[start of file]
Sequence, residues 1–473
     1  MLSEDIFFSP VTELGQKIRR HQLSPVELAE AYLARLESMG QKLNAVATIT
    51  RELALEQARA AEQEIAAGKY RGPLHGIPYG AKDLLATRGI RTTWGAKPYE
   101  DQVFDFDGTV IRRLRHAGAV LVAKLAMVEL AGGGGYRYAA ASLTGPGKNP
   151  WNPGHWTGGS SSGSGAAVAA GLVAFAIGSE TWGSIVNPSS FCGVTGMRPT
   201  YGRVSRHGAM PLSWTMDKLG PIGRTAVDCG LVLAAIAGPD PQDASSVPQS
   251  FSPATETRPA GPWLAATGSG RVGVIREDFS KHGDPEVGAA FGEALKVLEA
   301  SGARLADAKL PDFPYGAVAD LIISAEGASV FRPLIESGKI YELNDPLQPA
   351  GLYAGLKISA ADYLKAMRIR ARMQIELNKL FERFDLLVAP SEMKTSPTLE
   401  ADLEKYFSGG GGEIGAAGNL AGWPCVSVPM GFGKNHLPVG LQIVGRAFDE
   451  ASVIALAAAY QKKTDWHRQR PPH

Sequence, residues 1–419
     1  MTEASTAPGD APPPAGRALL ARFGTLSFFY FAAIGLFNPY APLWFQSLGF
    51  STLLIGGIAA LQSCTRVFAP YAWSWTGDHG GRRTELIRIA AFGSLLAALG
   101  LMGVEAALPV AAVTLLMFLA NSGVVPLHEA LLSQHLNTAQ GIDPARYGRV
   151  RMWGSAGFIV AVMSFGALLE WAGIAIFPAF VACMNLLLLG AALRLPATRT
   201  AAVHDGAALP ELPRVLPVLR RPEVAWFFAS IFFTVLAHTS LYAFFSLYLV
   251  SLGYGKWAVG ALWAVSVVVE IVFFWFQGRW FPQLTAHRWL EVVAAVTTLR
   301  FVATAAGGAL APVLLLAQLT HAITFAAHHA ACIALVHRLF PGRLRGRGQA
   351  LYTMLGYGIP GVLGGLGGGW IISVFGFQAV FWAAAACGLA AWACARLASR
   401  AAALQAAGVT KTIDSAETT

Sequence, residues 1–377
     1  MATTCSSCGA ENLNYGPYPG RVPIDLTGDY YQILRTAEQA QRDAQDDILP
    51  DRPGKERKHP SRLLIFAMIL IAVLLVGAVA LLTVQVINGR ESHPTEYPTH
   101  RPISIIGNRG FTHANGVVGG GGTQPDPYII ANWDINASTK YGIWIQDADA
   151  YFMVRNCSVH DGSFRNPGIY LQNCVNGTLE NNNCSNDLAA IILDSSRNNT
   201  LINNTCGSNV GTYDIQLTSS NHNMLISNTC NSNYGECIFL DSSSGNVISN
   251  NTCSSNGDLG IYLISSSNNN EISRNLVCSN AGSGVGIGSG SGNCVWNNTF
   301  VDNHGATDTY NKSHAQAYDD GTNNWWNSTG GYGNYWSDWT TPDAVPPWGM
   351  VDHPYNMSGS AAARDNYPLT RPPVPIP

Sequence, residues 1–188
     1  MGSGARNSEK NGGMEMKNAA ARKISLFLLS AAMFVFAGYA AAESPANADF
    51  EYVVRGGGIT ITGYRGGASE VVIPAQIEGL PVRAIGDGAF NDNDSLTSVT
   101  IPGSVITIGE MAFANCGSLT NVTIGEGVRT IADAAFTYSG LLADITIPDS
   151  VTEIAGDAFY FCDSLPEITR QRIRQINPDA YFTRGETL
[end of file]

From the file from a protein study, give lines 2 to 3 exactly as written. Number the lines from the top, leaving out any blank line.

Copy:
     1  MLSEDIFFSP VTELGQKIRR HQLSPVELAE AYLARLESMG QKLNAVATIT
    51  RELALEQARA AEQEIAAGKY RGPLHGIPYG AKDLLATRGI RTTWGAKPYE